Fort Carson Capt. Florent "Flo" Groberg will be honored with the Medal of Honor on Thursday for heroism in Afghanistan. Here are the basics of what led to the award.
Capt. Florent "Flo" Groberg led a six-soldier personal security detachment for the leaders of Fort Carson's 4th Brigade Combat Team.
The 3,500-soldier light infantry brigade was providing security and support for the local government over a wide swath of southeastern Afghanistan from Jalalabad on the Pakistan border to just east of the capital in Kabul.
On Aug. 8, 2012, Groberg's team was sent to Assadabad, capital of Kunar province, to escort a group of American and Afghan leaders on their way to a security conference at the governor's compound.
The weekly security meeting was led by Afghans and brought American and Afghan officials together on plans to tackle the Taliban insurgency in the area.
Groberg's team and leaders from the brigade flew from Jalalabad to Assadabad, where they landed in an American compound.
Briefings earlier in the day alerted them to security threats in the area, including would-be suicide bombers. They would walk the last half-mile to the governor's compound over a route that had been patrolled and swept for bombs that morning.
Groberg's security team formed a diamond around the 28 American and Afghan leaders they were protecting on the route through Assadabad.
Groberg said that as the soldiers marched, they noticed a tension on the streets.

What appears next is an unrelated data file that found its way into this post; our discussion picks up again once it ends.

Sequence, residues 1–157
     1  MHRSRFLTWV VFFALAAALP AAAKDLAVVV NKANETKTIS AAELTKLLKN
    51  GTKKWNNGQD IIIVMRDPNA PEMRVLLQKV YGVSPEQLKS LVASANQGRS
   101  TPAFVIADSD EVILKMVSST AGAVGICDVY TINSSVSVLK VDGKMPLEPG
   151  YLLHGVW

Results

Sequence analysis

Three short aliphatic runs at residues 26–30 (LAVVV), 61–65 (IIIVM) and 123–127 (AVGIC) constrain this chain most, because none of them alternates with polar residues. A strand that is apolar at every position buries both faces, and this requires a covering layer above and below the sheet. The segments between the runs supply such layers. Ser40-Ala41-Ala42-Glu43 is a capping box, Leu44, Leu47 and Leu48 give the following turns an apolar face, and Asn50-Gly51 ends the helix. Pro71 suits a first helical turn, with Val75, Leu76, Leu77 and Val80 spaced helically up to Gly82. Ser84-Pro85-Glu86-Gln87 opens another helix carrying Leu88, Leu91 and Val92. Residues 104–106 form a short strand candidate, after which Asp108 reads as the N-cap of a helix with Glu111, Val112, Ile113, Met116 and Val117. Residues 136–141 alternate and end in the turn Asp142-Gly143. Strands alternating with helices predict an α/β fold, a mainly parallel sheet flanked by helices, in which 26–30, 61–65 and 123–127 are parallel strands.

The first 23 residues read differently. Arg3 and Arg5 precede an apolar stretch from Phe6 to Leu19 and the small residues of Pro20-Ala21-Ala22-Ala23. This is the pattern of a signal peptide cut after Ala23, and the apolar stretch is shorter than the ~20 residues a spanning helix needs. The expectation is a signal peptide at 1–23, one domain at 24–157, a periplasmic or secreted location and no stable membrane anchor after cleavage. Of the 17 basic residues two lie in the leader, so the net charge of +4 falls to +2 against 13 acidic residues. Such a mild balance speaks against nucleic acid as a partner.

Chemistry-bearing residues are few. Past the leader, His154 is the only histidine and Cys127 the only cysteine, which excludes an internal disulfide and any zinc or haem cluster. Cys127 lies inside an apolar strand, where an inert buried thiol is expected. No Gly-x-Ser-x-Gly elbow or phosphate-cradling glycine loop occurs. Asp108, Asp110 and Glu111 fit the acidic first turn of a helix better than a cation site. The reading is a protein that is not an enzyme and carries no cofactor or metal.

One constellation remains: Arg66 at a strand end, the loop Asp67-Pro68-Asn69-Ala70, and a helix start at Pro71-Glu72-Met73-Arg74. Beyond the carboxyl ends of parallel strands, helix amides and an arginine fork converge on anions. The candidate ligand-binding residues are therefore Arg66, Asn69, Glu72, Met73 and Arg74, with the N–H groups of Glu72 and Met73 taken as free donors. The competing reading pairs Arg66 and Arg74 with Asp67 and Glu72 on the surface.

"It didn't feel right," he said.
Witnesses told Army investigators that two motorcycles raced over a bridge toward the column about halfway through the route.
"As the patrol observed the motorcyclists, Groberg also spotted a lone individual near the left side of the formation, walking backwards in the direction of the patrol," the Army said. "The individual did not cause immediate alarm as there were other local civilians in the area."
Groberg reacted when he saw the suspicious man turn and rush toward the formation.
A high school and college track standout, Groberg raced toward the man and pushed him away from the troops.
With help from Sgt. Andrew Mahoney, Groberg wrestled the man to the ground. The bomber fell on Groberg's legs before he detonated a vest laden with explosives and ball bearings.
A second bomber detonated his vest on the other side of the formation. It was 9:47 a.m.
A rescue team rushed from the American compound and formed a hasty security cordon as medics treated the wounded.
Four men were dead at the scene: Air Force Maj. Walter D. Gray, 38, of Conyers, Ga.; Army Maj. Thomas E. Kennedy, 35, of West Point, N.Y.; Army Command Sgt. Maj. Kevin J. Griffin, 45, of Laramie, Wyo.; and State Department worker Ragaei Abdelfattah, 43, of Annapolis, Md.
Two dozen others survived. Army investigators credited Groberg for saving them by tackling the bomber.
Groberg and five other injured soldiers were loaded into vehicles and taken to the American compound where they were taken by helicopter for treatment.
Contact Tom Roeder: 636-0240